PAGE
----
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Arts & Entertainment

Peter Stenshoel's album of the week -- Ellington at Newport

Kevin Ferguson

If you ever need to increase yourheart rate or heat up a cold room, slap this platter on your turntable, cued to Diminuendo and Crescendo in Blue.  What begins as a fairly innocuous-sounding  mid-50s redux of mid-30s Ellingtonia takes a sly turn toward crowd-sized ecstasy, masterfully amped up gradually until a near riot ensues.

Here's the story: Live and outdoors, Newport Jazz Festival goers are politely paying tribute to Ellington's brand of symphonic jazz. The Duke announces the next piece, Diminuendo in Blue and Crescendo in Blue, connected by an "interval" by saxophonist Paul Gonsalves. After 4 minutes, Gonsalves begins his interlude. Ellington eggs him on from the piano bench with growls and shouts, accompanied by bassist James Woode and the dead-on swing of drummer Sam Woodyard. 

Jo Jones, drummer for a different band, in an on-stage exit and seen only by the band, is keeping beat with a rolled-up Christian Science Monitor newspaper, much to the amused response from Ellington's men. Suddenly a young woman jumps up in her box seat and dances with abandon. At 6 minutes in, you can hear the audience begin to scream.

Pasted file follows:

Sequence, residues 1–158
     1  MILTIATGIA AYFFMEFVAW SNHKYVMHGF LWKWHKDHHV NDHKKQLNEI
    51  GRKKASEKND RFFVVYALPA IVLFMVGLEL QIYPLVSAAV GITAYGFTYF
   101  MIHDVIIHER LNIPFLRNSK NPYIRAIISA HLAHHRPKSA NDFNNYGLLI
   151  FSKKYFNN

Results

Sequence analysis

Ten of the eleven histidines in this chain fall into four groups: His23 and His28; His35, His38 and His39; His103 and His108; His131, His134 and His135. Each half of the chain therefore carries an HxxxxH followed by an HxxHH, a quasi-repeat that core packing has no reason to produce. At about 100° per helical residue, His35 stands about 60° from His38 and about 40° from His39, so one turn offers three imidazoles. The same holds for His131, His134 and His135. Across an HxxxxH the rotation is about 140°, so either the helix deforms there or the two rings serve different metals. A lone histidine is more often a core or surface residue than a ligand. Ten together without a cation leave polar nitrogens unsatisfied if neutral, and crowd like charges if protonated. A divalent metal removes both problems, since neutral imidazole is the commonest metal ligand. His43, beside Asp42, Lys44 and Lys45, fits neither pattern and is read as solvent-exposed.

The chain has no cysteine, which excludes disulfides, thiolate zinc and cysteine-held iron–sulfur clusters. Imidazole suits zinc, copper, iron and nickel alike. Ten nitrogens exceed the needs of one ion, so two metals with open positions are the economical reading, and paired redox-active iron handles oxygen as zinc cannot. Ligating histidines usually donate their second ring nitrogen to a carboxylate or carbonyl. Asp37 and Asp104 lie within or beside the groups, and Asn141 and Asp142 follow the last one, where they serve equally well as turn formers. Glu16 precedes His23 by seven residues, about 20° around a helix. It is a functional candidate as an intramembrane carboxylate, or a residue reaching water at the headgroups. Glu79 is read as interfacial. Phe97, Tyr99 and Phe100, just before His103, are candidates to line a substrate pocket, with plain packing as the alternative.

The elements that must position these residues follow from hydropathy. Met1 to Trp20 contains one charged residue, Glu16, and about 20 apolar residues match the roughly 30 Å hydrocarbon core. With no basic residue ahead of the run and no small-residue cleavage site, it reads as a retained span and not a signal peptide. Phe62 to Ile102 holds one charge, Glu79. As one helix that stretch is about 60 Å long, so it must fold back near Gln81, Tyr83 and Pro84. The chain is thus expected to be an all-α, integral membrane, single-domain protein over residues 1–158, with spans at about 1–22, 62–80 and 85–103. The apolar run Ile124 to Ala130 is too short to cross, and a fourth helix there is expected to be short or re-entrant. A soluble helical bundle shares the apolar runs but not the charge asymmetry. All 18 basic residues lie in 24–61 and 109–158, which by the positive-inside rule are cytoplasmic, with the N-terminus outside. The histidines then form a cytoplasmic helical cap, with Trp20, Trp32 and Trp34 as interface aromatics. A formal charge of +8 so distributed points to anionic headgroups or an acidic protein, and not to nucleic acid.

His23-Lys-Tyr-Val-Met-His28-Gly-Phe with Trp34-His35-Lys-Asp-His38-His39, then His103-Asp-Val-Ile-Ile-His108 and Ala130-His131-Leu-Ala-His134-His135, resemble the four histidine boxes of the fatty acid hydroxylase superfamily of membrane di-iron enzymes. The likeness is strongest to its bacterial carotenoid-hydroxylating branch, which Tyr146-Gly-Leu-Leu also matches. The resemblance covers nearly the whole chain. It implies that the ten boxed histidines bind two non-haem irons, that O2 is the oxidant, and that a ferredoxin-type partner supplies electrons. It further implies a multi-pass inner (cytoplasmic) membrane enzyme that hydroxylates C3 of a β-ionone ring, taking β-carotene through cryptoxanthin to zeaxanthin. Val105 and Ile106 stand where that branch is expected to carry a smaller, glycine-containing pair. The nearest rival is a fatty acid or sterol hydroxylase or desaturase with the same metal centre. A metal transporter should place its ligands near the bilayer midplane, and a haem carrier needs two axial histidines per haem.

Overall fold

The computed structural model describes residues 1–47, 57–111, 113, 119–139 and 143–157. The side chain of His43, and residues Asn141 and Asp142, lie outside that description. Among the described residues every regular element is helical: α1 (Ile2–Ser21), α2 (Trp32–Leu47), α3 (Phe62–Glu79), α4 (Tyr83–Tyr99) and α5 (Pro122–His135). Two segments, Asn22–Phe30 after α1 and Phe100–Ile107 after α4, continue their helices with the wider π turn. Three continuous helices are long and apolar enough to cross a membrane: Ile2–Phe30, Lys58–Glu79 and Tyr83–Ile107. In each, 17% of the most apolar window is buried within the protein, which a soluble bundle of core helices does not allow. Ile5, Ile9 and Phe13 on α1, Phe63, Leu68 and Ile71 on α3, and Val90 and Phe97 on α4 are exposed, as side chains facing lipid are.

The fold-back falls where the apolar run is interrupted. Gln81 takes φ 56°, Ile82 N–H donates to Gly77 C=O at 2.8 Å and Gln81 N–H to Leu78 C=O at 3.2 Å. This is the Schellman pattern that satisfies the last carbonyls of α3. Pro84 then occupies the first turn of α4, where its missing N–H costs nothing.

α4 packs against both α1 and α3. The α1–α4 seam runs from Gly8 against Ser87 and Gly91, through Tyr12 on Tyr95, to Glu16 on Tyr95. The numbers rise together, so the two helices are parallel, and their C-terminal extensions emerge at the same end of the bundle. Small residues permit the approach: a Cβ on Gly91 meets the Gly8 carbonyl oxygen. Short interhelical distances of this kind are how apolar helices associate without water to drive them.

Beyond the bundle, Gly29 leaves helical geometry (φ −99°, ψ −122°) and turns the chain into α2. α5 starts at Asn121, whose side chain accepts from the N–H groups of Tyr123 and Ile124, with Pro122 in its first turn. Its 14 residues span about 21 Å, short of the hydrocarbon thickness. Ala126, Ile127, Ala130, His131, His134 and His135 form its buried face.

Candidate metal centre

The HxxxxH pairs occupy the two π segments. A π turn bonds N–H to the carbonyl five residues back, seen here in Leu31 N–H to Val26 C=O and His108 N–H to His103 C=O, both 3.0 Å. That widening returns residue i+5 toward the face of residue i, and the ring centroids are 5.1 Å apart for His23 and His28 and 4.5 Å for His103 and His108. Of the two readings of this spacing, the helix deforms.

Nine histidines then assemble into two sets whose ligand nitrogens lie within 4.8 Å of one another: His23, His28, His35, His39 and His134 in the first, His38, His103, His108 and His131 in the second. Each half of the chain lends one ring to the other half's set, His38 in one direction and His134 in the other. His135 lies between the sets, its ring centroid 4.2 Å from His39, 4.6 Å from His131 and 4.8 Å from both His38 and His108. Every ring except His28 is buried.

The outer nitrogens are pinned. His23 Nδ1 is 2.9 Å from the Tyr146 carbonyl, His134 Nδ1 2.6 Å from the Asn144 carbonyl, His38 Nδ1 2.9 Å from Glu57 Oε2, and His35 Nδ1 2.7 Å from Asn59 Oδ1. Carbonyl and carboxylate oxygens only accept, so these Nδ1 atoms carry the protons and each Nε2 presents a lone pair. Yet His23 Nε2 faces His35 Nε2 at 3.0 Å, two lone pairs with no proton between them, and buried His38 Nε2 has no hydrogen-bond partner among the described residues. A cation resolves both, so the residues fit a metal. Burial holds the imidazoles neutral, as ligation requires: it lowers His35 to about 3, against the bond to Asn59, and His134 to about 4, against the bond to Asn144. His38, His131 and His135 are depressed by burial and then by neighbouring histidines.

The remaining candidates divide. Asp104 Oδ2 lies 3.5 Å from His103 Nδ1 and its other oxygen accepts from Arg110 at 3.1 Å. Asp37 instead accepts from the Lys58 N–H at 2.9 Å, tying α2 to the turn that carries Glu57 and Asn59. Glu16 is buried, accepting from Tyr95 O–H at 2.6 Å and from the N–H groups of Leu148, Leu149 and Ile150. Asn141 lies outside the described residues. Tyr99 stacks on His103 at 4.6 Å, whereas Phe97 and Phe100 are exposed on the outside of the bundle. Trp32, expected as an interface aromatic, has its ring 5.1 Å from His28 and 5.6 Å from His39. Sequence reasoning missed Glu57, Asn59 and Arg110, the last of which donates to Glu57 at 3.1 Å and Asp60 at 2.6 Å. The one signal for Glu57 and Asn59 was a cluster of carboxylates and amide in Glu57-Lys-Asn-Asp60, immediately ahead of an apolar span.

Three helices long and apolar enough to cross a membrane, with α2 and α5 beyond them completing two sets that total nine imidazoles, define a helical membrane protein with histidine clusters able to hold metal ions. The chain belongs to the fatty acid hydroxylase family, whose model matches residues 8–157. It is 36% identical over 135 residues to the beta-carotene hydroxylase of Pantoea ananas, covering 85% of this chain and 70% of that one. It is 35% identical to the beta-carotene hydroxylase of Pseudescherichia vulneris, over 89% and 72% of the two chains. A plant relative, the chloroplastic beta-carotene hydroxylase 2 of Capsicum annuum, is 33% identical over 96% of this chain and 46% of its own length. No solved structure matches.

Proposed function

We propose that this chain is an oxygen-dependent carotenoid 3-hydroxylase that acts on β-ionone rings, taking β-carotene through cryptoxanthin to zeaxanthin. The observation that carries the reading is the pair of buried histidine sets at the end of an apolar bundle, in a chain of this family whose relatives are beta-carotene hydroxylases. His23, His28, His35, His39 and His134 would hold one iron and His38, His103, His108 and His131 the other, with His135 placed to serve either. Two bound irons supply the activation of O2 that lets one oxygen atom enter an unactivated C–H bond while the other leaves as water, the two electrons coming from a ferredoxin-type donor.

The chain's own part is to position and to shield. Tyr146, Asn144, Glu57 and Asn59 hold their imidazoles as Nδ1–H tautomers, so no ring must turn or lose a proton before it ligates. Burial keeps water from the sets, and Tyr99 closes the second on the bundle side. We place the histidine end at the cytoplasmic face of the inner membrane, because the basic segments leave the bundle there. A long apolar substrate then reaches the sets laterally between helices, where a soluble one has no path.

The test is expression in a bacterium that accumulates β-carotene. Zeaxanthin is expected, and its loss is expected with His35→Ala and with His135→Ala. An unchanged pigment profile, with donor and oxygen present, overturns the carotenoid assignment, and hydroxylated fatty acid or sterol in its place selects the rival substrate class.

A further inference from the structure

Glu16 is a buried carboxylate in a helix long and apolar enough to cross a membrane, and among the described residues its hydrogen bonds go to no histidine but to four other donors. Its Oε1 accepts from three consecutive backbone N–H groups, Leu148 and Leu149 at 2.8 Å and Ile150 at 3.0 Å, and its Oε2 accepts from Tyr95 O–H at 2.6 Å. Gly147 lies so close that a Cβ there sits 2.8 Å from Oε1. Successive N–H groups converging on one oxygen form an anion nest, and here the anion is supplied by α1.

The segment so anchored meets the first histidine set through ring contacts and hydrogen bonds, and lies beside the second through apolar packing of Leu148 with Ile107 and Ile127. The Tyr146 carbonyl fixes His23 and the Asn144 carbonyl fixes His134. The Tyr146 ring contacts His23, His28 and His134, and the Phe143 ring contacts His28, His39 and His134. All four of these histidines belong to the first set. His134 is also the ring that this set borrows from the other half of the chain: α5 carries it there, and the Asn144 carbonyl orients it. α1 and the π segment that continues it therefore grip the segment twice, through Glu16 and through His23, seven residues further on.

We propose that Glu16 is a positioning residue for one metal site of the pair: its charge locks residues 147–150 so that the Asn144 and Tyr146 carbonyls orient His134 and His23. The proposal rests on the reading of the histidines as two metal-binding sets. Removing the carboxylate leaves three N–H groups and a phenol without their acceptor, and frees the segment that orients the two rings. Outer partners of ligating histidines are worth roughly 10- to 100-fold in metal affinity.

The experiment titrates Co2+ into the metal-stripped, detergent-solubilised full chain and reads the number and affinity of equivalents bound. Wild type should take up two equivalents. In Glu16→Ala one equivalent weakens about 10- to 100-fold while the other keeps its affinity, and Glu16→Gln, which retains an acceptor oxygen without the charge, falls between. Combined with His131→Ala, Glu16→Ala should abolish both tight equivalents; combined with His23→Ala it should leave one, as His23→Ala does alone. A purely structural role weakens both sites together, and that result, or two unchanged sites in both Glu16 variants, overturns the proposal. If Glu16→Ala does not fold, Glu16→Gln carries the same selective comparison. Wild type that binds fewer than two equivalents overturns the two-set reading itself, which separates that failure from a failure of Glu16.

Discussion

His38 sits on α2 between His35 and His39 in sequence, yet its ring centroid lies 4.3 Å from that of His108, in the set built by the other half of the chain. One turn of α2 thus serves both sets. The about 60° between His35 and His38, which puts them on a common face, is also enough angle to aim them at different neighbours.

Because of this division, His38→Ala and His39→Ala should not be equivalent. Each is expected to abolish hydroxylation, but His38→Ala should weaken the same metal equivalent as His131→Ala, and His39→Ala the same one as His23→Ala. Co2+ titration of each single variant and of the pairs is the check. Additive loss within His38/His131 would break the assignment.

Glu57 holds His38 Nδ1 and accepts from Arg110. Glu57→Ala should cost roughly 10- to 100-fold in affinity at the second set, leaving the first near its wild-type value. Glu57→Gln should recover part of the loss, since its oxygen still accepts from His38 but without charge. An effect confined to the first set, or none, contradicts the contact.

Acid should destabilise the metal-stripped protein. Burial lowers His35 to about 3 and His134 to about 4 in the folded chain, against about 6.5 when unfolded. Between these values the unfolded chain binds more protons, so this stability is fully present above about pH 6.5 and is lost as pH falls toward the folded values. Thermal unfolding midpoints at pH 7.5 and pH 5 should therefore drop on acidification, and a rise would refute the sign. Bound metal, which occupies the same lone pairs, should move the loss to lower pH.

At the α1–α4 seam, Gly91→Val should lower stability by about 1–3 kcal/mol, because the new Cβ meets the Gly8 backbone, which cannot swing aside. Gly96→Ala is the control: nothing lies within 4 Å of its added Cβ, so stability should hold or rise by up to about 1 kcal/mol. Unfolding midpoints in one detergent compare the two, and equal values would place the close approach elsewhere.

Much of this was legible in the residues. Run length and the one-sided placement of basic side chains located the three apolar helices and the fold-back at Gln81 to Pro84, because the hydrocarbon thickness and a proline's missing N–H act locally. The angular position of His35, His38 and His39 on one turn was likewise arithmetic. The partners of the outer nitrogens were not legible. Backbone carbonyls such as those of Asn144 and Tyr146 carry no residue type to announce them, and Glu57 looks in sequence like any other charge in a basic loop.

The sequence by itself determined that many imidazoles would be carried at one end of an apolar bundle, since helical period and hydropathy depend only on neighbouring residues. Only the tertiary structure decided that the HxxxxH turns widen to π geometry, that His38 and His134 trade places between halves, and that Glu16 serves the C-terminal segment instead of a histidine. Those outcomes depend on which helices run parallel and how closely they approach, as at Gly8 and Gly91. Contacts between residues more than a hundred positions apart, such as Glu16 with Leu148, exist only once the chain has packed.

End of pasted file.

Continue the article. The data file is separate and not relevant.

What follows is documentation of a sociological phenomenon. The audience and orchestra and soloist come alive as a self-aware entity.* You can imagine people leaping to stand atop their chairs, shouting, clapping, nodding, and dancing. 10 minutes in, Gonsalves holds a long note, and the crowd revs up to a higher level.

George Avakian, the lucky duck on stage who was recording this peak experience, has noted that the genius of the soloist is how he refrains from overdoing it. As chaos erupts around him, Paul Gonsalves calmly pumps out variation after variation without losing the beat nor the logical thread of his musical ideas. I imagine him like a character in a UPA cartoon, a toe-tapping cool cat unfazed by the Dionysian swarms; rather energized by them.

27 choruses later, Paul hands it off to Duke, who slips into lovely piano splashes before calling on the band to wrap it up, finally, with the Crescendo in Blue. The cops wanted to stop the show, but Duke slowed it all down with ballads, and the glow remains as on this historic date. 

*Other recorded moments like this can be heard on some live Grateful Dead recordings and live Hindustani singer recordings, where poetry can move an audience to exclaim its appreciation aloud. Surely many more such examples must abound.